“Inverted commas”

From the Networker Module for MS Apps, I found a rather unique description of double quotes:

For a Microsoft Exchange 2010 DAG server client node, and you want to include the state of the database, type:

nsrsnap_vss_save -v -? 

Example output:

C:\Users\administrator.NMMEXCH2010>nsrsnap_vss_save -v -? "APPLICATIONS:\Microsoft Exchange 2010" "APPLICATIONS:\Microsoft Exchange 2010\Mailbox Database 0410662886 -- Passive" "APPLICATIONS:\Microsoft Exchange 2010\Mailbox Database 1249691110 -- Active" 68150:nsrsnap_vss_save:nsrsnap_vss_save: Exiting with success. 

Remove the inverted commas when copying the save set name from the output.

ಠ_ಠ

EMC documentation continues to surprise me.

via: [Reddit\Sysadmin]

  • bababooey

    Nerd

  • http://www.facebook.com/profile.php?id=122602581 Paul Tomblin

    “Inverted commas” is the common name in Britain. Submitter fail.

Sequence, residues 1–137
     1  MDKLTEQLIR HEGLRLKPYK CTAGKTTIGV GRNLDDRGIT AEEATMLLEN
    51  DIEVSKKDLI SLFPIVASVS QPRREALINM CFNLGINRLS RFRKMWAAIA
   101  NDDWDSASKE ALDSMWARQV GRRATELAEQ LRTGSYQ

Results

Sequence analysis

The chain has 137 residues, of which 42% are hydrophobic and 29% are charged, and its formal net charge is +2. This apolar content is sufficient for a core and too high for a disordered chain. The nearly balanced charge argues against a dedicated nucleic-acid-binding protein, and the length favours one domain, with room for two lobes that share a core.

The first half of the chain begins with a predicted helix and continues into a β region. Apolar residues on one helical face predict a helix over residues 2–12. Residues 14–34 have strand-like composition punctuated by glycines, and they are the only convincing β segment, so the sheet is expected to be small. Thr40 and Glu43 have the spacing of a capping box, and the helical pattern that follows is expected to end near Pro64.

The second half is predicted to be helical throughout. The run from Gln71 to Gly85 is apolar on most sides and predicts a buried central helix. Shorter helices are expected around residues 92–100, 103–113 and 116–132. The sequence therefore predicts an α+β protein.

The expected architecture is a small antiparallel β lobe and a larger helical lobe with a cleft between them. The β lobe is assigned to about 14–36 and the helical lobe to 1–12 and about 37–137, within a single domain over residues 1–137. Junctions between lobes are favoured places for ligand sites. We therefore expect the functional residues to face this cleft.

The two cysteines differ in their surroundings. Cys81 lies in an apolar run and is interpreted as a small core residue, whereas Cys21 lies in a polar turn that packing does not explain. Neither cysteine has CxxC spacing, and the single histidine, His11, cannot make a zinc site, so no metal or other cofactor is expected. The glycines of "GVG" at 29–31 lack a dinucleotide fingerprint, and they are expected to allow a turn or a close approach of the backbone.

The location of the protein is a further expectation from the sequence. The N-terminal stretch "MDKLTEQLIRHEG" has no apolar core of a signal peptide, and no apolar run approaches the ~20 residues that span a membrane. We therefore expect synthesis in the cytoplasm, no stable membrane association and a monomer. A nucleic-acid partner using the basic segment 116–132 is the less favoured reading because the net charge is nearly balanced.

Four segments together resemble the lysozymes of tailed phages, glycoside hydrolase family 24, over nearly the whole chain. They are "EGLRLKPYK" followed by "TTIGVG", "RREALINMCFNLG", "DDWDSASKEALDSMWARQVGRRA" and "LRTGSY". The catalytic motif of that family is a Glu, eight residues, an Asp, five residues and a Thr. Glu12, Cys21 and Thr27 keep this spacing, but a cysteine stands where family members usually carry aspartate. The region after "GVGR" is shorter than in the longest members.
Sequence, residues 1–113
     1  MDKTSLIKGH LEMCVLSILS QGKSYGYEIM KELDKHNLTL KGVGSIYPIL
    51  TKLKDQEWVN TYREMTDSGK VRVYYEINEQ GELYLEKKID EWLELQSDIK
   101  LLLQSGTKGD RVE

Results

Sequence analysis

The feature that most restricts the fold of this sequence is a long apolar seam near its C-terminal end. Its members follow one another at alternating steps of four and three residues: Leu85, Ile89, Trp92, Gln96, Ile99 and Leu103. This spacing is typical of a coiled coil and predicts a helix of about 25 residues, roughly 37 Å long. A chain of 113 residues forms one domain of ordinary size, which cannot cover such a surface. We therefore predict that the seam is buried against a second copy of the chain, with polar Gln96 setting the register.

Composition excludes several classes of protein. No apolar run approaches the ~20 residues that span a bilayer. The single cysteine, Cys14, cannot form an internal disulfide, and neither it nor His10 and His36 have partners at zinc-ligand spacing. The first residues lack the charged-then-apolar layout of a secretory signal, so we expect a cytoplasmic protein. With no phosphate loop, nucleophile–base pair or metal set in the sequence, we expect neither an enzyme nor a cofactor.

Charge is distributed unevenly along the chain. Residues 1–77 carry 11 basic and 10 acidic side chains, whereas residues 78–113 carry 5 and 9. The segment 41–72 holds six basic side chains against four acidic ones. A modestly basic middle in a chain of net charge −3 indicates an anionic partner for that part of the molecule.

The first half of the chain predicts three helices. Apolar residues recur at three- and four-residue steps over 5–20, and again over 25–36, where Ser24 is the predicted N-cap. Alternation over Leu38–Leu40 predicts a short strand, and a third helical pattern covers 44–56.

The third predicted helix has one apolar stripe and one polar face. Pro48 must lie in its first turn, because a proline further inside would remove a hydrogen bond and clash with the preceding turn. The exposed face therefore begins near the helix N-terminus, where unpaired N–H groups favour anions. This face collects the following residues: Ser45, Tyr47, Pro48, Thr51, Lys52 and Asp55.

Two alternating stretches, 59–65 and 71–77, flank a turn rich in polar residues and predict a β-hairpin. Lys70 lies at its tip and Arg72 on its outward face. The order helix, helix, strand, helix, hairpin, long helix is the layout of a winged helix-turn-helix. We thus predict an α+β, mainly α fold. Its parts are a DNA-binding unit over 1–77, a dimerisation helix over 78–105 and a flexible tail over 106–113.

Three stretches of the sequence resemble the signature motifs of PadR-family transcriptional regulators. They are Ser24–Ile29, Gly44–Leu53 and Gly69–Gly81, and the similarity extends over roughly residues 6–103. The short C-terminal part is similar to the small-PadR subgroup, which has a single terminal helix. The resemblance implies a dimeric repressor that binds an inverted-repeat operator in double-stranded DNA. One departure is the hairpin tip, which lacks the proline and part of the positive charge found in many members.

• http://www.facebook.com/people/Franck-Peter/100000181151109 Franck Peter

      Everything is backwards in Britain, they drive on the wrong side of the road, in the wrong side of the car. You name it.

      • Lord David

        Which they’ve only been doing since well before cars were invented and the settlement of what is now the United States…. so if anything, you North Americans drive on the wrong side of the road! :P

        • http://www.facebook.com/people/Franck-Peter/100000181151109 Franck Peter

          I’m from Denmark ;)..

      • squall_loire

        Next you’ll be suggesting that the dd/mm/yy date order is “backwards” >.>

  • Cluedweasel

    Just to second what Paul said, “inverted commas” is perfectly acceptable in the UK (and possibly other parts of the world too).

  • squall_loire

    Who the hell calls them “double quotes”? They’re inverted commas or quotation marks. Calling them double quotes implies that the single inverted comma (‘) is used for quotes, which is incorrect usage unless it’s a quote within a quote.

  • Khazroar

    Yeah, unless I’m totally missing the point of this post, “inverted commas” is a common name for quotation marks. to the point that Googling the phrase considers the two to be perfect synonyms.

  • http://twitter.com/Pitchy Pitchy

    Remove the inverted commas… do you mind if I quote that?